Words Will Never Hurt Me… Or Will They?

Words matter. It’s amazing how often patients share stories about how other providers have explained their condition in horrific terms. “Your arthritis is terrible” or “your back is a mess.”

The “placebo” effect is well-known, but its counterpart, the “nocebo” effect is just as strong (if not stronger), and perhaps even more relevant for the healthcare industry. When patients are told that something will hurt, then it will likely hurt, whereas without this verbal suggestion, there is often much less pain. Many studies have been conducted related to drawing blood and/or giving injections, finding a strong effect of verbal suggestion on increased pain with the stimulus.

In this issue of the Physio Weekly, we discuss the role of our words in the clinic.

Sticks and Stones

I can’t imagine the thought of healthcare providers looking at imaging and suggesting that patients should be in pain because of their imaging. If you’ve spent any time researching imaging studies with respect to pain, then you have surely found how images aren’t stellar at predicting pain.

In this month’s issue of JOSPT is one of my favorite papers ever , written by Stewart and Loftus. In the paper, the authors make the case for changing the words that we use in order to avoid creating harm. Stewart and Loftus argue that many biomedical terms reinforce negative beliefs, and the authors provide some alternative options instead of common terms that we hear or say in the clinic. For example:

Instead of “wear and tear,” say “normal age changes

Instead of “damage,” say “reparable harm

Instead of “trapped nerve,” say “tight, but can be stretched

Instead of “bulge/herniation,” say “bump/swelling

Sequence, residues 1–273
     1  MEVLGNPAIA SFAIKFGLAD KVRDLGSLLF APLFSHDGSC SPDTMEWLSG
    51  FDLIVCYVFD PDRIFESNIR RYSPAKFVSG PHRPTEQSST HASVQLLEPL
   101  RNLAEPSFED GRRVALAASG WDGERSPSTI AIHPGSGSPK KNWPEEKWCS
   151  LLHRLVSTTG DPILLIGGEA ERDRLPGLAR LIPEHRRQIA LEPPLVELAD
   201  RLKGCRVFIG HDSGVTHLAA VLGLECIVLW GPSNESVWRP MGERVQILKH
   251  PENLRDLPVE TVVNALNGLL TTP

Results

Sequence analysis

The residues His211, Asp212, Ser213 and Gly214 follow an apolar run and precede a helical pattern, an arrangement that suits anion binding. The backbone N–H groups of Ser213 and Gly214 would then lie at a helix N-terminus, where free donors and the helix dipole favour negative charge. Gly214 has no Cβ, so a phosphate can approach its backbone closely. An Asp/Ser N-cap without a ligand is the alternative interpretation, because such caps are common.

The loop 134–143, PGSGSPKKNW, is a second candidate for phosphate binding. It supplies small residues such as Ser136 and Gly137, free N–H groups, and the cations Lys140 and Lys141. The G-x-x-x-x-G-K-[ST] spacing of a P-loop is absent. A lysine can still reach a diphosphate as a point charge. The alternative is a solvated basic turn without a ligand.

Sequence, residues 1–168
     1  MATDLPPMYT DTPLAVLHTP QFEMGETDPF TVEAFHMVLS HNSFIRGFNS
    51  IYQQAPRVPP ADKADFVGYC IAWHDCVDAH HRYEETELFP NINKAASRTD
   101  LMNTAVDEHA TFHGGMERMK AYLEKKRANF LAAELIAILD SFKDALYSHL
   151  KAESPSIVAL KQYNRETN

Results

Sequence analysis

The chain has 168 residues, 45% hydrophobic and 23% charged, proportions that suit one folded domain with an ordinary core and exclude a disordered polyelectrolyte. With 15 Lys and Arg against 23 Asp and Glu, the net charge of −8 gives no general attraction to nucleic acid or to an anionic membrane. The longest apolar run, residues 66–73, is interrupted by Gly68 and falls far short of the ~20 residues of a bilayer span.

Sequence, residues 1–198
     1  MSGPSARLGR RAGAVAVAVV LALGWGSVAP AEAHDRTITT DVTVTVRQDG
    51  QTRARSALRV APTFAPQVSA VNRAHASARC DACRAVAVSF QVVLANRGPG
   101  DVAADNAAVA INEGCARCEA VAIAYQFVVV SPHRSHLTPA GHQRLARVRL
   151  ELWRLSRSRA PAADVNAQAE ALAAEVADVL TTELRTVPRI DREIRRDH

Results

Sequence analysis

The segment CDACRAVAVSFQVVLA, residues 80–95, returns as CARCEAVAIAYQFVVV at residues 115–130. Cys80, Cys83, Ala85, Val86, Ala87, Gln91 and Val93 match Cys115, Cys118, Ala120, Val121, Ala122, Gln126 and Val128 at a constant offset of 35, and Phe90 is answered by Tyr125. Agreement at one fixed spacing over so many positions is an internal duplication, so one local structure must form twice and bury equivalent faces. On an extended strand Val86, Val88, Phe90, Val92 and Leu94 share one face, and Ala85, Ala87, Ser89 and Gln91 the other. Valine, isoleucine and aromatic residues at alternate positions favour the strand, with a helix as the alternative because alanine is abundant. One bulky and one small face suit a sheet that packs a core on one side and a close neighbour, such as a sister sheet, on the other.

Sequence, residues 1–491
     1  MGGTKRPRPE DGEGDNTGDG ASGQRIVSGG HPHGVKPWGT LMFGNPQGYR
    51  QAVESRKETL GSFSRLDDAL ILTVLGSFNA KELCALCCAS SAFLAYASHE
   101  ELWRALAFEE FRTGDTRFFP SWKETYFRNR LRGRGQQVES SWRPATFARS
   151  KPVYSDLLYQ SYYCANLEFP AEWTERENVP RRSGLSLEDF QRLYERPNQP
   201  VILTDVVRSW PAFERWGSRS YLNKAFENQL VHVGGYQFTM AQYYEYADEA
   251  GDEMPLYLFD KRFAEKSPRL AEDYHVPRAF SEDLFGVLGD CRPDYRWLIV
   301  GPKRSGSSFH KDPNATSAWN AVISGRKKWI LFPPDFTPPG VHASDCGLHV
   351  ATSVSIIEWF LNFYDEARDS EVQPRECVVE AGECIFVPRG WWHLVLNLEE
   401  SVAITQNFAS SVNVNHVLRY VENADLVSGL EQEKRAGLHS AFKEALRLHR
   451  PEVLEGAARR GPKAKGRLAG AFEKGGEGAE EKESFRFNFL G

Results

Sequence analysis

Instead of lordosis or kyphosis, say “the normal curve in your back

I am often the one to interpret imaging findings for patients, because even though they are provided the radiologist’s impression, the jargon is overwhelming. The alternative phrases above are some ways to translate the imaging findings into non-threatening terms.

When More Treatment Isn’t Better

What happens if we suggest to patients that their bodies are messed up and that we need to correct everything? What if we explain that if we use some gadgets to mend their imperfections, and yet we only to arrive at a disappointing outcome for the patient?

I’m afraid that when we explain symptoms in terms of pathology, then we may contribute to overmedicalization and even harm to patients. The STarT Back Trial is one study that offers evidence that some patients don’t really need much treatment; they just need to know that it’s okay to move, to exercise, and to keep working. In the trial, physios in the group using the STarT Back tool provided only 1 session of treatment to those who score as low risk for poor prognosis, whereas the physios provided an average of 5 visits to those not in the group using the STarT Back tool.

Despite these differences in number of visits, the patients’ outcomes were not significantly different between the groups. This finding tells me the value of reassurance, encouragement, and education when prognosis is good.

When Words Hurt

Healthcare providers, though, could do something entirely different: They could look at how patients move or how their joints move and say something like, “No wonder you’re in pain, I see some problems with you.” What’s the possibility that such an assessment could actually create more pain? The research about nocebo responses is fascinating, and I believe that this 1-page paper about nocebo should be required reading for anyone who works with people in pain. As the paper mentions, merely suggesting that something could be painful actually leads to people experiencing pain.

I’ve been choosing my words a bit more carefully after seeing this research. What about you?

What’s Next?

If you liked this post, then I would love to hear from you! Leave a comment or tweet me @zachrstearns — just use the hashtag #physioweekly.

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